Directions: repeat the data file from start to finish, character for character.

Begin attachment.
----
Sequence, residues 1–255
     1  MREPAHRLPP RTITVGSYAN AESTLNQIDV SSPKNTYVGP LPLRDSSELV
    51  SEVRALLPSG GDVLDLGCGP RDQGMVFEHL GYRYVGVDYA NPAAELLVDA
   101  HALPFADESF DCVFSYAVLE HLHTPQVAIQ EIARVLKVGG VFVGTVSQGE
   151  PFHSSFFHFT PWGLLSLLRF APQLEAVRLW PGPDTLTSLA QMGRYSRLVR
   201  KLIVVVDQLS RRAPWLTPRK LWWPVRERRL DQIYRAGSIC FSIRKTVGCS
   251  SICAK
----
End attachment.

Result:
Sequence, residues 1–255
     1  MREPAHRLPP RTITVGSYAN AESTLNQIDV SSPKNTYVGP LPLRDSSELV
    51  SEVRALLPSG GDVLDLGCGP RDQGMVFEHL GYRYVGVDYA NPAAELLVDA
   101  HALPFADESF DCVFSYAVLE HLHTPQVAIQ EIARVLKVGG VFVGTVSQGE
   151  PFHSSFFHFT PWGLLSLLRF APQLEAVRLW PGPDTLTSLA QMGRYSRLVR
   201  KLIVVVDQLS RRAPWLTPRK LWWPVRERRL DQIYRAGSIC FSIRKTVGCS
   251  SICAK